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Feb 6, 2008

It’s veteran vs. newcomer in Belize Rural Central …

Story PictureShe has spent the last month traveling the length and breadth of Belize speaking to the candidates … and tonight, on election eve, Ann-Marie Williams presents the final two profiles in her campaign series. The first finds her in Belize Rural Central where one of the P.U.P.’s biggest and most controversial names is again challenged by a newcomer to the national scene.

Ralph Fonseca, P.U.P. Candidate, Belize Rural Central
“The same team that has transformed Belize, that has the experience that we need to give the people the change that they want should be the team that should move us forward from 2008-2013. If you want to go backward then you go with the other team who will try to reinvent the wheel. Everything has been working or when we’re challenged we’ve been able to fix whatever we’ve been challenged with and we haven’t ran away from it so why would you want to change?”

Ann-Marie Williams, Reporting
It’s not an unusual argument for a sitting politician but the P.U.P.’s Ralph Fonseca is no ordinary incumbent.

The Belize Rural Central Constituency, which was created by the P.U.P. in 1993, has never known any colour but blue. This time, however, U.D.P. candidate Michael Hutchinson assures things will be different.

Michael Hutchinson, U.D.P. Candidate, Belize Rural Central
“I run first in 2003 for Village Council elections along with Mr. Lucio Cho and we won. Prior to that I run as an independent and lost by two votes. So those are the things that really prompt me now to go further and I believe that getting elected for the general elections I will be able to work harder for my community. The financial backing will be there. It’s not like in Village Council you have to be, how would you sat, be pampering the minister to give you some money for the area.”

Fonseca cited Ladyville, the largest and fastest growing village in his division as being a victim of its own success.

Ralph Fonseca
“The more you expand, the more challenges you have. In the case of Ladyville we have a tremendous water management problem as you know. So we have to keep the water moving as we fill areas to build houses or build schools or build the first high school that we built during our term in Ladyville. By the way our high school is doing extremely well. As you build those things you are moving the water on. The water goes somewhere else so ditches, drains, canals, maintaining the levels is a fantastic challenge. You have to keep up with it. Again, that’s why you need the experience. If you bring in a new person into Ladyville they won’t have the blueprint that we have had from the past, that we have been improving on everyday.”

Aware of all the improvements, Hutchinson says it’s not enough as basic amenities remain lacking.

Michael Hutchinson
“We don’t have a proper bus run, some of them are roads.”

Ann-Marie Williams
“A problem for mile eight.”

Michael Hutchinson
“Right, you know some of them are roads. Mile eight has a flooding problem. I guess proper landscaping was not done when the area was hurriedly being developed or give away lands. That is something that, you know the people are there you gonna have to addressed properly by our government. Other areas are electricity. You have some areas in Gracie Rock that haven’t got electricity yet. For the past ten years they have been promised, promised, promised and I want to fulfill those promises. Other areas are just the minor things but they are a concern to people and I believe they must be addressed.”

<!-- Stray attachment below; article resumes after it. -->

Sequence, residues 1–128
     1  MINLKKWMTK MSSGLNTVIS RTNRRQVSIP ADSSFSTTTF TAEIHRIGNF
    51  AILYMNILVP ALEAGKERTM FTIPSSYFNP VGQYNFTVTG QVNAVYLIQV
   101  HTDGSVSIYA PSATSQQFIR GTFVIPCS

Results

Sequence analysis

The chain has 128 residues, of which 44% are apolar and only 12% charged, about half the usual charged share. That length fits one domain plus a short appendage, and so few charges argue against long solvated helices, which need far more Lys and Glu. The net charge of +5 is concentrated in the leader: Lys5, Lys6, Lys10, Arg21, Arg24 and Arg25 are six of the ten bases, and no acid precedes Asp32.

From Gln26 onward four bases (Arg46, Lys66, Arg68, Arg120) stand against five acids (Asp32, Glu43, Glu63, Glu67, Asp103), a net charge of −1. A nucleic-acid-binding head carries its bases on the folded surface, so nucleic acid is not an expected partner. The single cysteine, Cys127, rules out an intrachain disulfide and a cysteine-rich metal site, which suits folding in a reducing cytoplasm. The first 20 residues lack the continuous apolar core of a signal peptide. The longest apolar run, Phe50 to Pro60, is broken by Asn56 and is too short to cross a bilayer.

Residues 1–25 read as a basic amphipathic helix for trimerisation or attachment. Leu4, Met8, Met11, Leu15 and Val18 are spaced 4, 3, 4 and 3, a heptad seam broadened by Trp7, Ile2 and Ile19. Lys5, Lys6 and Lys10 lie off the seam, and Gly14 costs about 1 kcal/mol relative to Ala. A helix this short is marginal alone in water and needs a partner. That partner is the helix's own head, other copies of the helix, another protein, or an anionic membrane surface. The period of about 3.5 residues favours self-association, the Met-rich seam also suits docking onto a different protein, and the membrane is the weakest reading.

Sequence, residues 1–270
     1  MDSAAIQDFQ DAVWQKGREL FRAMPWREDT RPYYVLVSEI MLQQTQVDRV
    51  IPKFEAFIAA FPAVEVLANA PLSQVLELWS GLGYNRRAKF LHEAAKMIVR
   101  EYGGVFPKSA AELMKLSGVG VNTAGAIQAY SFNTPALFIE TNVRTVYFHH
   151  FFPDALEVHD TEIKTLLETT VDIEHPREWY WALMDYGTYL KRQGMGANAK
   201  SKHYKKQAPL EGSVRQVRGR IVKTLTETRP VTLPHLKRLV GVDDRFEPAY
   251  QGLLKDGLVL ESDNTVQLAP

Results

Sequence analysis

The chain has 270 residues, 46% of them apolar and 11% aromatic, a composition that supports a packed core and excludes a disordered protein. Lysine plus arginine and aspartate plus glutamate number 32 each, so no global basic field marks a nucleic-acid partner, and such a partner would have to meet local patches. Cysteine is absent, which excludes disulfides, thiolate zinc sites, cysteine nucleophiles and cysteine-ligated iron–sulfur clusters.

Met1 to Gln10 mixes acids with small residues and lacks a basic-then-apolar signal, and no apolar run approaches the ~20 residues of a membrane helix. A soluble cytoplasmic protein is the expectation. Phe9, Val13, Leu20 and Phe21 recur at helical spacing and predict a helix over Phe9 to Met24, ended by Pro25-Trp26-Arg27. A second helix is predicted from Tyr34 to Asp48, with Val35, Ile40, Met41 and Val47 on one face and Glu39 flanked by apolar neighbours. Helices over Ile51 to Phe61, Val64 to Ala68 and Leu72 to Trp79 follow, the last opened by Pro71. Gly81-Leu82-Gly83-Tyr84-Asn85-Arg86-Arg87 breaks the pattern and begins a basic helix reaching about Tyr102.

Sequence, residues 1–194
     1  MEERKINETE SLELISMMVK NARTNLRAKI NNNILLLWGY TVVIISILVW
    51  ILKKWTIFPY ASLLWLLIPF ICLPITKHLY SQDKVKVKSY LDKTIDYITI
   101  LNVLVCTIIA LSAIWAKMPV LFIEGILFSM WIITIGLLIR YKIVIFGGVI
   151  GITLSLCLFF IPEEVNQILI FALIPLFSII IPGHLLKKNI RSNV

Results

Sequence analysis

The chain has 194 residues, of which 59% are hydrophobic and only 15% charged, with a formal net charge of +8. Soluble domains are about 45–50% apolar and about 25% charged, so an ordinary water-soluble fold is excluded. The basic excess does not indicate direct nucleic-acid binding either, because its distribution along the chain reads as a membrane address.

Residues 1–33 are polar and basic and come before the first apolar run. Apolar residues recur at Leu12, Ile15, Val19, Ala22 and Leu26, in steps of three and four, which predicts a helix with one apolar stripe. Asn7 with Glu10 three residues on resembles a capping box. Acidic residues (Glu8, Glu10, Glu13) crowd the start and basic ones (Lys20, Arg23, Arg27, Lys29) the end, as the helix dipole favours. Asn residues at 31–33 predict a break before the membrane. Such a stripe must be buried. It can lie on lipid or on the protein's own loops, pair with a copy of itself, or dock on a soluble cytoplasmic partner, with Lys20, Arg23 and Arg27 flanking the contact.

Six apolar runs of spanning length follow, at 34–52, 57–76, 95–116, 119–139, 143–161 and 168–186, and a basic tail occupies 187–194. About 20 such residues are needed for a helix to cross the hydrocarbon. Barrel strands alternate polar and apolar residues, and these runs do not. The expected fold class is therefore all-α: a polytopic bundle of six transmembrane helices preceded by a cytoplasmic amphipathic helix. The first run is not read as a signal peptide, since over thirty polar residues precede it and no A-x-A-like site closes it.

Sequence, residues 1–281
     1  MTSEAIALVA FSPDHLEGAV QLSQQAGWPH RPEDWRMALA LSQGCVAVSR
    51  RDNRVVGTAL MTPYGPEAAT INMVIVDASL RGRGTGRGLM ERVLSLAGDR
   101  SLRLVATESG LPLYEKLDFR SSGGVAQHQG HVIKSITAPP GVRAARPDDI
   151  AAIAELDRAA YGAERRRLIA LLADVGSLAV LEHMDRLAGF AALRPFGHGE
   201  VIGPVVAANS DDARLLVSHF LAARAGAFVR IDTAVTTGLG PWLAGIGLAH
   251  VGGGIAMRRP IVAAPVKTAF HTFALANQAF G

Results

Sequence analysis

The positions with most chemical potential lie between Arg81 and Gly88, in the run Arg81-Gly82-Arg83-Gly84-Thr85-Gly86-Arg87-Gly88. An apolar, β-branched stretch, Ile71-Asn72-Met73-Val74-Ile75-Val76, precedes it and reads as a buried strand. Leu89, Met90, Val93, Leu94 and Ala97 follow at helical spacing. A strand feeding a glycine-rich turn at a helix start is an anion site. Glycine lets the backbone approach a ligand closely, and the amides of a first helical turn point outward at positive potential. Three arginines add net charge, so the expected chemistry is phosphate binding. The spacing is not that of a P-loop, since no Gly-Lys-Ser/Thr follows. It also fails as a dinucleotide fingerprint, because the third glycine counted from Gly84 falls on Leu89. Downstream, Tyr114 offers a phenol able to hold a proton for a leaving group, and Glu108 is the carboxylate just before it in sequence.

One issue which must be addressed according to Hutchinson is vote buying.

Michael Hutchinson
“Look at the bigger picture. If I tell you fifty dollars for your vote then after I get into office I don’t have to look at you because I have bought, I have paid you, I have bought your vote. So don’t come to my office. Don’t come and ask me “oh yo si mi road?” I wah seh “hey, if you mi want I tek care a yo road yo neva mi wah tek the fifty dollars. Yo mi wah come out and be patriotic look at the issues of the day, look at all the promises that the P.U.P. has promised us ten years ago, see if they has fulfilled those promises and vote on the issues”.”

Ralph Fonseca
“They have to think about statements made, for instance, by the leader of the opposition saying that Faber will be the next Minister of Education as opposed to who is the Minister of Education today. They have to look at those things. They have to look at the possibility of a Mike Peyrefitte being an attorney general, a Mike Peyrefitte being an attorney general as opposed to the attorney general we have today. Look at our candidates, look at our team, look at the experience we have.”

Ann-Marie Williams
“A lot of people in your area revere you, some revile you but what keeps you winning?”

Ralph Fonseca
“My people, they are the people that told me they wanted me to run again.”

In the meantime both Fonseca and Hutchinson are making their final appeals to the voters in Belize Rural Central, all five thousand, thirty-two of them. Ann-Marie Williams for News Five.


Viewers please note: This Internet newscast is a verbatim transcript of our evening television newscast. Where speakers use Kriol, we attempt to faithfully reproduce the quotes using a standard spelling system.

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